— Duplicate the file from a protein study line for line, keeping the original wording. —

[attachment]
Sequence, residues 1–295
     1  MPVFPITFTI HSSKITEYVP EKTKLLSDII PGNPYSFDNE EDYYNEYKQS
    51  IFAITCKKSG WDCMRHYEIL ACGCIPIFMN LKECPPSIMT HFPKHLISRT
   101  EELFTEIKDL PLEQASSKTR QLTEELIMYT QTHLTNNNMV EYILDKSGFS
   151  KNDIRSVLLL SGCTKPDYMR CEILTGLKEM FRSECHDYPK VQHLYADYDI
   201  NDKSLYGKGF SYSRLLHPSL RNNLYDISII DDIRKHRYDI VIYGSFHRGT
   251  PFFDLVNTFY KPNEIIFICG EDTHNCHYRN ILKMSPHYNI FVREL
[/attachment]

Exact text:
Sequence, residues 1–295
     1  MPVFPITFTI HSSKITEYVP EKTKLLSDII PGNPYSFDNE EDYYNEYKQS
    51  IFAITCKKSG WDCMRHYEIL ACGCIPIFMN LKECPPSIMT HFPKHLISRT
   101  EELFTEIKDL PLEQASSKTR QLTEELIMYT QTHLTNNNMV EYILDKSGFS
   151  KNDIRSVLLL SGCTKPDYMR CEILTGLKEM FRSECHDYPK VQHLYADYDI
   201  NDKSLYGKGF SYSRLLHPSL RNNLYDISII DDIRKHRYDI VIYGSFHRGT
   251  PFFDLVNTFY KPNEIIFICG EDTHNCHYRN ILKMSPHYNI FVREL